Arthur Hosmann, Carmen Angelmayr, Andreas Hopf, Steffen Rauscher, Jonas Brugger, Lavinia Ritscher, Isabelle Bohl, Philipp Schnackenburg, Adrian Engel, Walter Plöchl, Markus Zeitlinger, Andrea Reinprecht, Karl Rössler, and Andreas Gruber
Intrahospital transport for CT scans is routinely performed for neurosurgical patients. Particularly in the sedated and mechanically ventilated patient, intracranial hypertension and blood pressure fluctuations that might impair cerebral perfusion are frequently observed during these interventions. This study quantifies the impact of intrahospital patient transport on multimodality monitoring measurements, with a particular focus on cerebral metabolism.
Forty intrahospital transports in 20 consecutive patients suffering severe aneurysmal subarachnoid hemorrhage (SAH) under continuous intracranial pressure (ICP), brain tissue oxygen tension (pbtO2), and cerebral microdialysis monitoring were prospectively included. Changes in multimodality neuromonitoring data during intrahospital transport to the CT scanner and the subsequent 10 hours were evaluated using linear mixed models. Furthermore, the impact of risk factors at transportation, such as cerebral vasospasm, cerebral hypoxia (pbtO2 < 15 mm Hg), metabolic crisis (lactate-pyruvate ratio [LPR] > 40), and transport duration on cerebral metabolism, was analyzed.
During the transport, the mean ICP significantly increased from 7.1 ± 3.9 mm Hg to 13.5 ± 6.0 mm Hg (p < 0.001). The ICP exceeded 20 mm Hg in 92.5% of patients; pbtO2 showed a parallel rise from 23.1 ± 13.3 mm Hg to 28.5 ± 23.6 mm Hg (p = 0.02) due to an increase in the fraction of inspired oxygen during the transport. Both ICP and pbtO2 returned to baseline values thereafter. Cerebral glycerol significantly increased from 71.0 ± 54.9 µmol/L to 75.3 ± 56.0 µmol/L during the transport (p = 0.01) and remained elevated for the following 9 hours. In contrast, cerebral pyruvate and lactate levels were stable during the transport but showed a significant secondary increase 1–8 hours and 2–9 hours, respectively, thereafter (p < 0.05). However, the LPR remained stable over the entire observation period. Patients with extended transport duration (more than 25 minutes) were found to have significantly higher levels of cerebral pyruvate and lactate as well as lower glutamate concentrations in the posttransport period.
Intrahospital transport and horizontal positioning during CT scans induce immediate intracranial hypertension and an increase in cerebral glycerol, suggesting neuronal injury. Afterward, sustained impairment of neuronal metabolism for several hours could be observed, which might increase the risk of secondary ischemic events. Therefore, intrahospital transport for neuroradiological imaging should be strongly reconsidered and only indicated if the expected benefit of imaging results outweighs the risks of transportation.
Matthias Millesi, Barbara Kiesel, Vanessa Mazanec, Lisa I. Wadiura, Adelheid Wöhrer, Johannes Herta, Stefan Wolfsberger, Klaus Novak, Julia Furtner, Karl Rössler, Engelbert Knosp, and Georg Widhalm
Gross-total resection (GTR) is the treatment of choice in the majority of patients suffering from spinal ependymal tumors. In such tumors, the extent of resection (EOR) is considered the key factor for tumor recurrence and thus patient prognosis. However, incomplete resection is not uncommon and leads to increased risk of tumor recurrence. One important cause of incomplete resection is insufficient intraoperative visualization of tumor tissue as well as residual tumor tissue. Therefore, the authors investigated the value of 5-aminolevulinic acid (5-ALA)–induced fluorescence in a series of spinal ependymal tumors for improved tumor visualization.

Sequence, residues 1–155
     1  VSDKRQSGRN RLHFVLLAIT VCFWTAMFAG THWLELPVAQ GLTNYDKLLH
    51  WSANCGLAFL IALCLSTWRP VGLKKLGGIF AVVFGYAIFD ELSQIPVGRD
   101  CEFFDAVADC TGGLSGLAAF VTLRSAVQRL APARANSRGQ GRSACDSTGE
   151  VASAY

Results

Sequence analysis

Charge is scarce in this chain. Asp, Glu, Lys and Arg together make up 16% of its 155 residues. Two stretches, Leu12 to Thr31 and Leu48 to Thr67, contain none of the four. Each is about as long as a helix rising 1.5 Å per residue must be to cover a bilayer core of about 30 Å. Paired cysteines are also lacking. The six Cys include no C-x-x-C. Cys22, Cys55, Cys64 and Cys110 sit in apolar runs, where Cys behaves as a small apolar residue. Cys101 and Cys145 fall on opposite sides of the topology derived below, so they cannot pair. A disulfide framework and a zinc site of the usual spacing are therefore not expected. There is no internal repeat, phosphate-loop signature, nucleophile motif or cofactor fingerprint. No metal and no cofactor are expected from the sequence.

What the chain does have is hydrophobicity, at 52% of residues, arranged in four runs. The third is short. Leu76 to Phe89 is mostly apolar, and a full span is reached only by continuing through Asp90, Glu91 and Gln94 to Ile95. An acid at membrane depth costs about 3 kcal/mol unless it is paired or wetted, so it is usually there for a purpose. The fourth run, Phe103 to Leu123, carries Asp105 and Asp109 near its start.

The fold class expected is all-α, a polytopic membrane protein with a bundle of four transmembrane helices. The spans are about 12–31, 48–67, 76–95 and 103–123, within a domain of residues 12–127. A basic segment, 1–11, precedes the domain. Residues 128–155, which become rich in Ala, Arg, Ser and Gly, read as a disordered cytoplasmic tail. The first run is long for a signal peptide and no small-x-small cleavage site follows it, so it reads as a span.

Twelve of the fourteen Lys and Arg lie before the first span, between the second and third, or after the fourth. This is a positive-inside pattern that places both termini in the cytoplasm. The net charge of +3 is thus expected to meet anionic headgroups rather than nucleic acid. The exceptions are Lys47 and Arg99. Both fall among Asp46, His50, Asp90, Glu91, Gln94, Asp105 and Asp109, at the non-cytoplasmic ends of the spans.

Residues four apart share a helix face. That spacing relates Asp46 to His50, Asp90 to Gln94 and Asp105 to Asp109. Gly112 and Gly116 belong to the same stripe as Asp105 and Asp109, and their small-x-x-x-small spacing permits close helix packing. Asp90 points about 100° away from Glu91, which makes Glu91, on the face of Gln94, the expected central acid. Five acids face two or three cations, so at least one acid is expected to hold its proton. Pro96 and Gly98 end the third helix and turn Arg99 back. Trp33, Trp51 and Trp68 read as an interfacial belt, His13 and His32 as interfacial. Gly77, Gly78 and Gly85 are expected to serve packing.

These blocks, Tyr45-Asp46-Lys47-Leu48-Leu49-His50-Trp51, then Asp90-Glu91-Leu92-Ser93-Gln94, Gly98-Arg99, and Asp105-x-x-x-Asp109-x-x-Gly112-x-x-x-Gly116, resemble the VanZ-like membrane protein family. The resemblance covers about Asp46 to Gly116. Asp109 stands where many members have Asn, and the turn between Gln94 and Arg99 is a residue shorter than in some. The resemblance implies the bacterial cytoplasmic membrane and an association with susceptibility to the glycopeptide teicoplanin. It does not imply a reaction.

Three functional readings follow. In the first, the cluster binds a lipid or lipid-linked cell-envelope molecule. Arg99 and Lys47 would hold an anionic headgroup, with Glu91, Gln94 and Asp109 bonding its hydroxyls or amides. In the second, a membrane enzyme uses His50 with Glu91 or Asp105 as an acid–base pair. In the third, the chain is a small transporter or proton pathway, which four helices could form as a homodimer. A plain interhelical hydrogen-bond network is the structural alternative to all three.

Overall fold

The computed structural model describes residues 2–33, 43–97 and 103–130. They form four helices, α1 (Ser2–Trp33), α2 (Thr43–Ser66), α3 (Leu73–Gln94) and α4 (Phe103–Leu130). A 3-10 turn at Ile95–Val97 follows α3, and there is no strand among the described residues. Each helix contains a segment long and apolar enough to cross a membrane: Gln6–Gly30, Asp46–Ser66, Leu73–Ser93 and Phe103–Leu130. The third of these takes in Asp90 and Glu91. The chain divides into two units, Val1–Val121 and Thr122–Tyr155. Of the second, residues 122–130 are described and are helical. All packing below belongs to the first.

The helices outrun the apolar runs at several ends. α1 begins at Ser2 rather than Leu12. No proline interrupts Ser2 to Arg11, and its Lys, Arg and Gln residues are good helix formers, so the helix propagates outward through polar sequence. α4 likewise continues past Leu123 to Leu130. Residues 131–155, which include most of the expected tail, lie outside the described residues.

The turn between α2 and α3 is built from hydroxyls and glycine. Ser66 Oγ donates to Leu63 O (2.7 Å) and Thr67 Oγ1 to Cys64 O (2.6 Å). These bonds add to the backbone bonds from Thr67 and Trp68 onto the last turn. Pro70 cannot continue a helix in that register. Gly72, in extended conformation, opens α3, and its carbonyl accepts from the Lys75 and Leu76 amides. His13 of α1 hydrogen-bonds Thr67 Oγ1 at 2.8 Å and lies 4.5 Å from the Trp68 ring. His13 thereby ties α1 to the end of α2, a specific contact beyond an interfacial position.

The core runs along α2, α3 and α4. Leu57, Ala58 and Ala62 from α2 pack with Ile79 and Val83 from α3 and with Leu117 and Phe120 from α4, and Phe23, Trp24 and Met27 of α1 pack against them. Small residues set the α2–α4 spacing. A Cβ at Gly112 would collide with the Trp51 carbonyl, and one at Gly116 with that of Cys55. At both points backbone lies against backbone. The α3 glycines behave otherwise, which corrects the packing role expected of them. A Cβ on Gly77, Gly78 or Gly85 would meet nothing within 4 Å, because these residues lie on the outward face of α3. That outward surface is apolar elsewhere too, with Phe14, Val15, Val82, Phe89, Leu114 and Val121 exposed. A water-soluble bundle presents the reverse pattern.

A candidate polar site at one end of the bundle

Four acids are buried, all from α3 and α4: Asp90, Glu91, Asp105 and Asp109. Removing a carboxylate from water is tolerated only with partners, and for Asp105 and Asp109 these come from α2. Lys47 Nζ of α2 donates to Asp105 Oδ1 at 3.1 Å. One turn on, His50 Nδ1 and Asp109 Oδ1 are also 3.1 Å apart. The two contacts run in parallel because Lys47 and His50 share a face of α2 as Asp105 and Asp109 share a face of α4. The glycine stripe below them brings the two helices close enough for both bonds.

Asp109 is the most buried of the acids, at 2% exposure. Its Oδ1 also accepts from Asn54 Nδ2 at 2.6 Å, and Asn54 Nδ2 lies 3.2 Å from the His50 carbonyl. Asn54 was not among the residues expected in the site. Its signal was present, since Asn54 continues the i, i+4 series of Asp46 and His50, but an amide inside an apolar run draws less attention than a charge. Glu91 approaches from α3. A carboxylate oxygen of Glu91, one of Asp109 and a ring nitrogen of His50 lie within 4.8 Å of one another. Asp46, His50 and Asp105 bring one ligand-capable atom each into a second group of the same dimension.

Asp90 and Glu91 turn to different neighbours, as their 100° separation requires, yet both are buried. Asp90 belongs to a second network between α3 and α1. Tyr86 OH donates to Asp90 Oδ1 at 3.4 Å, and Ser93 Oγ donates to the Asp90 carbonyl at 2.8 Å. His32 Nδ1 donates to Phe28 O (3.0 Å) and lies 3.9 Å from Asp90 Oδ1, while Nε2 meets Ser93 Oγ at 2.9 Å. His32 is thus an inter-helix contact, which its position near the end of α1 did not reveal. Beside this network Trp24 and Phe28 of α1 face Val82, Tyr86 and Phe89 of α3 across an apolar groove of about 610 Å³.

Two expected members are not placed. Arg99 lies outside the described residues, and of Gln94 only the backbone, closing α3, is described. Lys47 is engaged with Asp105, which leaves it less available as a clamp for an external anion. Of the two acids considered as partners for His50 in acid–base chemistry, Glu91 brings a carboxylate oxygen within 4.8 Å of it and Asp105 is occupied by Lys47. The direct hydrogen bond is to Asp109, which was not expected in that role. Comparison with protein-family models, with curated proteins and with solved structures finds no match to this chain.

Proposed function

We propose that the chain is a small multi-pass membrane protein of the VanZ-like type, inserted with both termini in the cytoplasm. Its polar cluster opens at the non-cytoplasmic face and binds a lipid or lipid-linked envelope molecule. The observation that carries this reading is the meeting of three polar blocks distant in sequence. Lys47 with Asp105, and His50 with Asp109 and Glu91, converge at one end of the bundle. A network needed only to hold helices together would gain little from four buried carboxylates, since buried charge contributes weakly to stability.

Adult patients who underwent preoperative 5-ALA administration and surgery for a spinal ependymal tumor were included in this study. For each tumor, a conventional white-light microsurgical resection was performed. Additionally, the fluorescence status (strong, vague, or no fluorescence) and fluorescence homogeneity (homogenous or inhomogeneous) of the spinal ependymal tumors were evaluated during surgery using a modified neurosurgical microscope. In intramedullary tumor cases with assumed GTR, the resection cavity was investigated for potential residual fluorescing foci under white-light microscopy. In cases with residual fluorescing foci, these areas were safely resected and the corresponding samples were histopathologically screened for the presence of tumor tissue.
In total, 31 spinal ependymal tumors, including 27 intramedullary tumors and 4 intradural extramedullary tumors, were included in this study. Visible fluorescence was observed in the majority of spinal ependymal tumors (n = 25, 81%). Of those, strong fluorescence was noted in 23 of these cases (92%), whereas vague fluorescence was present in 2 cases (8%). In contrast, no fluorescence was observed in the remaining 6 tumors (19%). Most ependymal tumors demonstrated an inhomogeneous fluorescence effect (17 of 25 cases, 68%). After assumed GTR in intramedullary tumors (n = 15), unexpected residual fluorescing foci within the resection cavity could be detected in 5 tumors (33%). These residual fluorescing foci histopathologically corresponded to residual tumor tissue in all cases.
This study indicates that 5-ALA fluorescence makes it possible to visualize the majority of spinal ependymal tumors during surgery. Unexpected residual tumor tissue could be detected with the assistance of 5-ALA fluorescence in approximately one-third of analyzed intramedullary tumors. Thus, 5-ALA fluorescence might be useful to increase the EOR, particularly in intramedullary ependymal tumors, in order to reduce the risk of tumor recurrence.